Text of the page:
CHRIS Wintle looks disappointed.
He’s just finished a marathon 16 hour busking session in which he entertained hundreds of passing Sheffielders and added to the thousands of pounds he has raised for charity.
So, why the unhappy face?
“The aim,” explains the 56-year-old organist, “was to do 24 hours.”
Unfortunately, it seems, as a long-term ME sufferer and with temperatures outside the Town Hall plummeting to freezing, he hit what marathon runners call the wall.
“It was midnight anyway,” he tells The Diary the next day. “There weren’t many people to play to – and those that were about were... in drink. I was fine at 11pm but soon after I felt like my energy had been switched off. I was shattered.”
He brightens for a minute.
“It’s fitting really,” he says. “I was raising money for ME, and it was the fact I suffer which meant I didn’t achieve what I’d set out to do. Plus we still raised £300 for Sheffield ME Group.”
Trust the man they call the Demon Organist to look on the bright side.
That’s what he did, after all, when bemused onlookers – generally younger people – questioned why he was playing his Christmas carols out of tune.
He wasn’t, he explained. He was playing them Les Dawson style – that is playing the right thing but in the wrong key. It’s entertaining. And it takes a lot of practice to be that bad.
“I’ve been playing since I was 10 and Les Dawson is my favourite comedian – so this is combining those passions,” says Chris, of Mitchell Road, Woodseats. “I can play properly – and if someone asks I do – but people seem to really enjoy this. It makes them smile.”
It’s not the first time he’s busked in Sheffield, of course.
He’s been doing each Christmas since 2007 – although he’d never attempted the 24-hour endurance test before.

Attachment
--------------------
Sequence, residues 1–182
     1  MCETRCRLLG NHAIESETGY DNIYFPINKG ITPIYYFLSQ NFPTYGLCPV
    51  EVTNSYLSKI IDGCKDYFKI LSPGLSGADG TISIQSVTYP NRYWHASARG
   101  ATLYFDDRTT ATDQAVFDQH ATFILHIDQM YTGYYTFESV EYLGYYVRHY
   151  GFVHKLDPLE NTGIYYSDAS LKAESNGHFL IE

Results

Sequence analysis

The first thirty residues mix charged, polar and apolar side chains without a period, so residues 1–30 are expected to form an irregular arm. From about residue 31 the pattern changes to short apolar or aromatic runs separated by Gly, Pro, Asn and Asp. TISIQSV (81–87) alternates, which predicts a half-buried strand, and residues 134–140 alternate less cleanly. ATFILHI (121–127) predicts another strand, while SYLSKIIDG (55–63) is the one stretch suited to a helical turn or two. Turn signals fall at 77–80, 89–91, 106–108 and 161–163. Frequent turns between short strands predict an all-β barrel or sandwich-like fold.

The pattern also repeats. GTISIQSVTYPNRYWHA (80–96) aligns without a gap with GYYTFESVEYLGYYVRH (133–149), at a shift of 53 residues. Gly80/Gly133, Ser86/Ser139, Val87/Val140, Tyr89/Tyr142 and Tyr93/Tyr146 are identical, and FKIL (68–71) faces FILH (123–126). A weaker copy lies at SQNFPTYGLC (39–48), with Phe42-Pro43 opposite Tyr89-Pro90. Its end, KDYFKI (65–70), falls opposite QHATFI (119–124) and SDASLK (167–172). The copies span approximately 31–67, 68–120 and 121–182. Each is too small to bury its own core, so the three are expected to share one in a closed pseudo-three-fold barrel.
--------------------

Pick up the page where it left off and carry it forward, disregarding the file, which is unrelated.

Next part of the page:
“I just thought it would be good to try and reach that goal,” he explains. “I knew it was going to be cold so I wrapped up in seven layers – I looked like the Michelin Man – but as long as your fingers are free you’re fine. And Sheffield Council had set up a little gazebo which I could drag my organ into when it rained. The only problem was I think some people thought I was a renegade wing of the Occupy protesters – even though we did have a banner advertising the ME Group.”
It is a cause close to Chris’s heart having suffered with the illness since 1993.
“For four years I could hardly move from the sofa,” he says. “One minute I was an active bloke playing football and organising theatre shows; the next I had no energy. It was a nightmare.
“But I’ve got better over the years. I still only work part time – as an information officer for the Sheffield ME Group, actually – but I have improved.”
And now he’s still determined to, one day, crack that 24 hour barrier.
“I’ll be back,” he says. “No matter how many bemused looks, I’m determined to do the full day.”